Apple is finally letting developers get their hands on Photos, the long-awaited successor to iPhoto. Revealed at Worldwide Developers Conference 2014, the new app is a complete revamp of iPhoto, allowing Mac users to organize, edit, share and print their favorite photos. It packs powerful new tools into a gorgeous, OS X Yosemite-style user interface.
The public launch of Photos isn’t expected until spring, but we took the beta for a spin today to get acquainted with the future of Apple photo software. We found eight new features you’re going to love.
Take a look:
iCloud Photo Library
Storing your entire photo library on your Mac will eat through all your free storage in a hurry, but with the new iCloud Photo Library, everything can be easily saved to iCloud. The feature comes with two options. “Download Originals to this Mac” will keep the original, high-resolution photos on your hard drive, while “Optimize Mac Storage” sends all the high-resolution images and videos to iCloud, then stores some originals on your Mac if you have enough space.
Apple gives users 5GB of storage for free, but you’ll probably need to purchase more data, with plans starting at 99 cents a month for 20GB and options all the way up to 1TB. Setting up iCloud Photo Library can take a few hours if you have a big library, but it just freed up 16GB of space on my MacBook Air, so it seems totally worth it.
Edits sync between your iPhone and Mac
Other than freeing up storage on your device, the next big reason to upgrade to iCloud Photo Library is the ability to sync all your photo edits on your Mac, iPhone and iPad. With iCloud integration, any changes you make to a picture on one device will also show up on other devices you’re signed in to. Apple also saves the original photo, so if you make changes you don’t like, you can always undo them.
The No. 1 reason you’re probably going to use Photos is to make your pictures prettier, so Apple’s made it quicker than ever to enhance an image. You can use the auto-enhance feature or quickly click through eight built-in filters to see what you like best.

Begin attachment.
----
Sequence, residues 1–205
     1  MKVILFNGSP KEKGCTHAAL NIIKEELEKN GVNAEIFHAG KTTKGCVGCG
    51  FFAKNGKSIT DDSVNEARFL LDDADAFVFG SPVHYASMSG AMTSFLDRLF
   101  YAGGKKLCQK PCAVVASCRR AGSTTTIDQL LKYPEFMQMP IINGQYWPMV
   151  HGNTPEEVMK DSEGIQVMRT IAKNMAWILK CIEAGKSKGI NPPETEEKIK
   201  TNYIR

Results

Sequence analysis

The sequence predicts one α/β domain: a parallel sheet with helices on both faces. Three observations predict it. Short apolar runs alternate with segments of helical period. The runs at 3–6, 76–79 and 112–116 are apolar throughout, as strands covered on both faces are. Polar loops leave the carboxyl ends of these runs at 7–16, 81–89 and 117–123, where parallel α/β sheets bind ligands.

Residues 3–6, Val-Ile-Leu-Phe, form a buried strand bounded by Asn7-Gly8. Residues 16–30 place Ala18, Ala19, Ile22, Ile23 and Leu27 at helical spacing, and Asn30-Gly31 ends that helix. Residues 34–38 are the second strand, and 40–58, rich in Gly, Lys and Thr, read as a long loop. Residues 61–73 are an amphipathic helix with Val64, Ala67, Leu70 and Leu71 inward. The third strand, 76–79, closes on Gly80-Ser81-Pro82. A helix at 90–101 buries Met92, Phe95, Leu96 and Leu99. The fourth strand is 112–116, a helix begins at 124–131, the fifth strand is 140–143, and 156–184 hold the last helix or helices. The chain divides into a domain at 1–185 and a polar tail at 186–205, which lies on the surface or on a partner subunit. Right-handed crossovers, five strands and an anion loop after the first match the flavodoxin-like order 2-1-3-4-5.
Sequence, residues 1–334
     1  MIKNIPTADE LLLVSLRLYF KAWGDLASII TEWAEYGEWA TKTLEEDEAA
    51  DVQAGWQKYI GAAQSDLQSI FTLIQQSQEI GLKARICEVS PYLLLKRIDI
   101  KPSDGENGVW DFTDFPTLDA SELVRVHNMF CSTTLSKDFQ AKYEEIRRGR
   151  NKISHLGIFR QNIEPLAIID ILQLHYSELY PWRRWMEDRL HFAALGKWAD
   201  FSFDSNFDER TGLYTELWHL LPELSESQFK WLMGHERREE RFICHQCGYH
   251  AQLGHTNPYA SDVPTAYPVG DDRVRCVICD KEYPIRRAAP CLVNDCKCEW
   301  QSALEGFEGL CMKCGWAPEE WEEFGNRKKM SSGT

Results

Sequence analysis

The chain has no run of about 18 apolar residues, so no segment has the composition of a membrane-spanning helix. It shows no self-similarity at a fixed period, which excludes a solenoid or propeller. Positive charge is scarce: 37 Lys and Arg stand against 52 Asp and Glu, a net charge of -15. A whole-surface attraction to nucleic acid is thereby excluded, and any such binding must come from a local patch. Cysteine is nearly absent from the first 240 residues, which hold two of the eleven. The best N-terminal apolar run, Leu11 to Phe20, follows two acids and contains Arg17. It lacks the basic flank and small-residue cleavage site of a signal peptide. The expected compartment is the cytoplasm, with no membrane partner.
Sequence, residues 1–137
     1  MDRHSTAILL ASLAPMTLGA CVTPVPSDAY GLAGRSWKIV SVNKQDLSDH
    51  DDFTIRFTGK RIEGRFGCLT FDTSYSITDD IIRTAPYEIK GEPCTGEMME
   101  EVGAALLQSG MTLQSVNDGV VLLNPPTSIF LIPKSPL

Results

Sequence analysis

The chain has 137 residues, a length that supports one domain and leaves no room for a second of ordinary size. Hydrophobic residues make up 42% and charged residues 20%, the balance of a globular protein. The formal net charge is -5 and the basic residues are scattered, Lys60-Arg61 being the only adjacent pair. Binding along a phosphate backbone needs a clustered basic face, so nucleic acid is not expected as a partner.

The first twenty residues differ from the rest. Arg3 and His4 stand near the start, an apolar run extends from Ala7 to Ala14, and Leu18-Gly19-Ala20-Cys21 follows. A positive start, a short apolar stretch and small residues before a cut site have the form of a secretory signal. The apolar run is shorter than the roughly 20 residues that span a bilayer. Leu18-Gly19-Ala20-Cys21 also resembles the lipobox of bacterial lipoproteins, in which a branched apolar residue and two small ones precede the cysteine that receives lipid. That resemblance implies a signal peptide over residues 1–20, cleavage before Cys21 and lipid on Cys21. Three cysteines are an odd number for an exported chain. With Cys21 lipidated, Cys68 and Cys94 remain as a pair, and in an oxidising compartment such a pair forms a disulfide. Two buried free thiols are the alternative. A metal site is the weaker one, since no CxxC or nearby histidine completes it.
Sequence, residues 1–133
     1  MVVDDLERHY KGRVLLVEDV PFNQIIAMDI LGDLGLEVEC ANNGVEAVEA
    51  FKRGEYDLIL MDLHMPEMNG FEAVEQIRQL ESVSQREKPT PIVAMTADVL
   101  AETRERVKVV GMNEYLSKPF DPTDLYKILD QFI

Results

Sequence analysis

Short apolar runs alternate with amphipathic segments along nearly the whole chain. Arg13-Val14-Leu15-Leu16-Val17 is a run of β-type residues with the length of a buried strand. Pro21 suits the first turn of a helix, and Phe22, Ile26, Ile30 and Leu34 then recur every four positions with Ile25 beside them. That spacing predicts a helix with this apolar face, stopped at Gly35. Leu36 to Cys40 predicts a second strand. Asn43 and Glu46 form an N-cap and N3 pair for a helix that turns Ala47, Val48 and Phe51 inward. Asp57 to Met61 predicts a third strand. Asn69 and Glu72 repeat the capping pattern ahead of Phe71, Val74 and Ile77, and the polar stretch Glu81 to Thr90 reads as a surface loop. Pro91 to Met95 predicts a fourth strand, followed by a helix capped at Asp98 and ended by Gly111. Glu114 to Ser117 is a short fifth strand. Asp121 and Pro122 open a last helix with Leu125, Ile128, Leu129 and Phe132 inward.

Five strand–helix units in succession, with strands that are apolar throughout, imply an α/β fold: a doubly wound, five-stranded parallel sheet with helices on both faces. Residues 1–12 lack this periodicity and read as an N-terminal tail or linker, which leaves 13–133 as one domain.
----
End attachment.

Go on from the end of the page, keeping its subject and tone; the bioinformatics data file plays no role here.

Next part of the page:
For those that want more fine-tuned controls, Photos also has sliders that let you adjust light, exposure, highlights and shadows. It’s not powerful enough to replace Lightroom or Photoshop, but it does give novice users an easy way to spice up their pics.
More screen space for your pics
The UI for the Photos app has been completely redesigned from the old iPhoto interface. The biggest change is that there’s more space for pictures, allowing photography to be front and center. Navigation tools have been moved to the top of the window, and the organization of photos has also been improved by bringing in automatic collections based on location and time.
Large libraries feel zippier
Scrolling through my library of 12,437 pictures in iPhoto would bring my MacBook Air to a crawl. Photos handles the task with ease. Apple says it built Photos to handle large libraries, and after flicking through my photos it certainly feels much zippier than iPhoto.
Yes, you can still share to Facebook, Twitter and most other social networks, but with support for Yosemite’s share sheets, you can also share your pics to any app or service that adds support via an extension.
Instead of eyeballing whether a photo was shot straight, you can now use Photos’ Auto Crop tool, which rotates the image to be in perfect harmony with the rule of thirds.
Apple added new options to create books and prints of your favorite photos. New themes have been added to the Projects tab, as well as the ability to print square books or send your panoramas off to get auto-sized on canvases up to 36 inches wide.